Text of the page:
Horror stories and hospital bags.(Don't worry, there are no horror stories in this entry!)
Telling friends and family that I was pregnant was definitely one of, if not the greatest thing about being pregnant. Everyone was so full of love and it made you feel like you were definitely doing the right thing. Making people cry tears of joy (for a change!) will always stay with me and make me feel warm and fuzzy on the inside.
However... get to the third trimester and a lot of people suddenly change from "congratulations/ I bet you can't wait / what wonderful news! / Wow a new baby" to seemingly wanting to make you terrified and full of regret. Now, this is my first baby so my experiences of a new born are very VERY limited - I don't know many babies, and I've never changed a nappy, but I think of myself as a bright and capable girl. I know that my life will never be the same, I know I'll be up several times in the night to see to baby, I can see how leaving the house in the mornings will be much more challenging. I don't need people to keep reminding me that "Oh you won't be able to do that when the baby comes/ make the most of your sleep now because you won't get any when the baby comes / When the baby comes you know you'll have no time for yourself right?"
I don't know what makes people think that these kinds of comments are helpful. Why anyone would want to worry a mum to be very soon that filling her with a sense of dread is beyond my comprehension. It does nothing but make me want to walk away from them and if anything, makes me feel that if I want to ask for help, I'm backed into a corner because I don't want to hear those words "I told you so".
So if you find that you're about to say anything along these lines to a soon to be parent, just don't! Be helpful, offer words of encouragement. Don't get me wrong, this is not what everyone does. We've found now that we only talk about the impending arrival with positive people and we're starting to shut the negative nancys out. Lots of people keep reminding us it's the best thing ever and agree that they had so many scary comments from others, their advice; just ignore them, life is going to be different, but different doesn't mean bad. Let us enjoy the moment.
Other than if I have particular questions about labour, particularly as I fill out my birth plan, I've also banned people from talking about their birth stories. It's hard to vet what they will say before it's too late and you have a horror story engraved in the back of your head.
As a first time mum, I feel, this may vary from area to area, that midwives seem to have a pretty high expectation of my knowledge of what happens during birth. At my 34/40 appointment I was given a bounty pack and told to read the magazine which had lots of info on labour and begin thinking about my birth plan. Well the magazine inside was a product guide, so that was no help. At my 36/40 appointment, my usual midwife wad away. I explained that the pack given to me had no info on birth plans but was advised to have it written be the next appointment. Luckily I'm literate and have access to the internet. For women who can't read I can only imagine their frustration. I certainly know I left feeling upset that no one was prepared to go through my options with me for what is going to be one of the biggest moments of my life.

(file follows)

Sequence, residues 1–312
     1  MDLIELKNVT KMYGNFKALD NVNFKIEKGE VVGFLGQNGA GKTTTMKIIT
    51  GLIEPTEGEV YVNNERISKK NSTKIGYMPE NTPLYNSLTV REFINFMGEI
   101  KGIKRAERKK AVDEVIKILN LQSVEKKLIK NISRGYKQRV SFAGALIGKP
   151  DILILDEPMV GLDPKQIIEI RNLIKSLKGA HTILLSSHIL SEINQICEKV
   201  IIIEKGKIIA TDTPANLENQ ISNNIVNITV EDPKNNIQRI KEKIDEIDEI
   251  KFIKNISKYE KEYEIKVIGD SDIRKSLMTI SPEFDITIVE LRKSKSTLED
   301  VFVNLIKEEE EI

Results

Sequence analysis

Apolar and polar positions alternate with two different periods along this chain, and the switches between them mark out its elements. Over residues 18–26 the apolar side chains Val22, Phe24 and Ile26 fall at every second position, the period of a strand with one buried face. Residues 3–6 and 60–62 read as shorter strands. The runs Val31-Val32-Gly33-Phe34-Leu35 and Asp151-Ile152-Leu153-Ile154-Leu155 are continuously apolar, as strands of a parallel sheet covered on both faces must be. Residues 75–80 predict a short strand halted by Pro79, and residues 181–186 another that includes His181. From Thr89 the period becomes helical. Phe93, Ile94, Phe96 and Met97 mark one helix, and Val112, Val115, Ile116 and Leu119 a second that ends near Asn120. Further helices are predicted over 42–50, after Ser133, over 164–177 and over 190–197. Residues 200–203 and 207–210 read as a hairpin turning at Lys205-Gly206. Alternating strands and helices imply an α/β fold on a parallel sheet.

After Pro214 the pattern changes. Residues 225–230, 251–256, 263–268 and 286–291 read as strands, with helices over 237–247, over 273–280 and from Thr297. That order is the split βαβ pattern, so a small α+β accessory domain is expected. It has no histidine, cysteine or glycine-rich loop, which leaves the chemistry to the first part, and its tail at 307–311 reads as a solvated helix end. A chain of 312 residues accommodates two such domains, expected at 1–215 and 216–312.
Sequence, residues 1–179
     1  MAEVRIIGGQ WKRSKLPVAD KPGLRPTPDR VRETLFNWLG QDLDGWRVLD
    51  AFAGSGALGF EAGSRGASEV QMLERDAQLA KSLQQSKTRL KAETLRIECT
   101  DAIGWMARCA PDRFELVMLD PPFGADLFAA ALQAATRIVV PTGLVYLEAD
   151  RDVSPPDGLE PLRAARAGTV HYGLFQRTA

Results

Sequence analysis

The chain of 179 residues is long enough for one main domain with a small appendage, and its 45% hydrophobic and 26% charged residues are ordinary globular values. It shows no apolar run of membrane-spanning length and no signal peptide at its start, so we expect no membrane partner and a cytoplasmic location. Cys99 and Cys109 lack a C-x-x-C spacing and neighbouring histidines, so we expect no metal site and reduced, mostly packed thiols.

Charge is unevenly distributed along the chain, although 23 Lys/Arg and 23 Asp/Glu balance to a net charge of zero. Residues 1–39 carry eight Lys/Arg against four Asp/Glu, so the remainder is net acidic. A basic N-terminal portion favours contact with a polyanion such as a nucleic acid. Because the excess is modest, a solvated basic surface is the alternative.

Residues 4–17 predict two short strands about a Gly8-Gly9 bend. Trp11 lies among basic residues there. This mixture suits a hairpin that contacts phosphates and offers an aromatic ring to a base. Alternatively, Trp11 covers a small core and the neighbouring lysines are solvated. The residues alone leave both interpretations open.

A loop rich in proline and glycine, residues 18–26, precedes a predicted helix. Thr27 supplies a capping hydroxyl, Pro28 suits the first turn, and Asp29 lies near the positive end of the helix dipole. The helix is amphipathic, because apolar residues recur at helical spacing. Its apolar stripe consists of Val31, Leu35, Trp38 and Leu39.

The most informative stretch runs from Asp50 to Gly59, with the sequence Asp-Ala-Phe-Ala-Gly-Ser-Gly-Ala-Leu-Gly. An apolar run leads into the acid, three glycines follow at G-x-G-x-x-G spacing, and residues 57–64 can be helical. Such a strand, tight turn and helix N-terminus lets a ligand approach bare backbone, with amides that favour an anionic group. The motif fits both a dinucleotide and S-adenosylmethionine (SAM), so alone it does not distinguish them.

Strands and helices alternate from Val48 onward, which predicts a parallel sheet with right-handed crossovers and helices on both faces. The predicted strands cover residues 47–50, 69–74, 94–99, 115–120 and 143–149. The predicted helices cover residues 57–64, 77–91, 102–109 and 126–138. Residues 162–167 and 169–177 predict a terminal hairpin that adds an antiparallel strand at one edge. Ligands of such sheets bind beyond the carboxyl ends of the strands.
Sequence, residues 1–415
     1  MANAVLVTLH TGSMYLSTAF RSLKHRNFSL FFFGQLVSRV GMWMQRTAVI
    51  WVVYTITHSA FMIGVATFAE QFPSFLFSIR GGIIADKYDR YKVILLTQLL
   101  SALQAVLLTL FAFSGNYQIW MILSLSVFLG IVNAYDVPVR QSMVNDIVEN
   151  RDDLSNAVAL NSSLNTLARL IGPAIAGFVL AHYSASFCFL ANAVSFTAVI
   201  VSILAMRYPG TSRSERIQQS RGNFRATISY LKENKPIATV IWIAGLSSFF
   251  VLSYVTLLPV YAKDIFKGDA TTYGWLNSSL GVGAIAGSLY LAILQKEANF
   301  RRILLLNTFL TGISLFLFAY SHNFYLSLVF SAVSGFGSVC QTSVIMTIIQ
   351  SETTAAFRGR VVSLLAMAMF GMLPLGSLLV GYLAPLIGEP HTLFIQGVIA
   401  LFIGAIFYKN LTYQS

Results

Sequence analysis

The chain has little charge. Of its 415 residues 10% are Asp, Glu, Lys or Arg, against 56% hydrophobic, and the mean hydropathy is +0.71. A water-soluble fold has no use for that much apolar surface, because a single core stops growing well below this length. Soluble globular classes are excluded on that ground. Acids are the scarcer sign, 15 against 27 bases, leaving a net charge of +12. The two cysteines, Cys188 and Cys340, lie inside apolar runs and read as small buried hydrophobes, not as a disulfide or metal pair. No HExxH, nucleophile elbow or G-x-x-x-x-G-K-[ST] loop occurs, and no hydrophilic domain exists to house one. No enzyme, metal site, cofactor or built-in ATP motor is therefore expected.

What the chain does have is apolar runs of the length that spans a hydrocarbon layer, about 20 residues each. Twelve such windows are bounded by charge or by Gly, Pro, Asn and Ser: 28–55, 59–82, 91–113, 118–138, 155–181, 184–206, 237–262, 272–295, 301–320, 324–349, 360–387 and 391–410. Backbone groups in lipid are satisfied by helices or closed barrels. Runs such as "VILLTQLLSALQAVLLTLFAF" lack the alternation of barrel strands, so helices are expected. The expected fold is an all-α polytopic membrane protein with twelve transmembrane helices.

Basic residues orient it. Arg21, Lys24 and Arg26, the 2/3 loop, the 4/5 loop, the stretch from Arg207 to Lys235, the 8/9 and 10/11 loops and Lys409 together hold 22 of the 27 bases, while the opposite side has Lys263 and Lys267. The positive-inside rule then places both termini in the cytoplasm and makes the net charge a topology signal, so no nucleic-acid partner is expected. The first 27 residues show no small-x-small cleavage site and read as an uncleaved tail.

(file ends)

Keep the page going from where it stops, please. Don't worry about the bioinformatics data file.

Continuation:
Fortunately, parent information class began that week and we were able to discuss labour. My birth plan is complete, yet to be read by my midwife but ready to go for the appointment in week 38/40. For more information on labour and birth plans visit Nhs choices which also allows you to type you birth plan covering all different aspects in an easy to use pro forma. A bit like applying for a job. I also found The Labour information pack from Emma's diary to be helpful and informative. I decided this is what my midwife had meant to give me at my 34 week appointment.
But remember, birth plans are there so that health professionals know what your wishes are. It may not always be possible to follow through with all or any of which you have planned. I have complete faith in the NHS and am sure those looking after me will do their best to see us all through the birth safely.
So my hospital bags are packed! Well partially. I've looked several places for advice on how to pack your hospital bag, but really nothing is better than asking those who've been there and done that. My bag is about 30% snacks at the moment. High protein bars and sweets to give me the energy boost in probably going to need. I've also had lip balm from friends who've told me just how much gas and air dries your lips, and dry shampoo, to refresh yourself if you can't get to the shower.
I've also packed a bag for the baby. It's hard to know how long we could be at the hospital for so I've packed about 4 muslin squares, about 4 body suits and 3 spacesuits. Even though he's due in "summer" -British summer lets not forget, I was advised to pack a hat or two and a cardigan. It's easy to forget this little one has been living in a very warm place for the last 9 months and has never felt a cool breeze.
Do you have any other handy tips or advice for hospital bags? I've read there should be one for the birth partner too, but he's a grown man, he can sort out his own.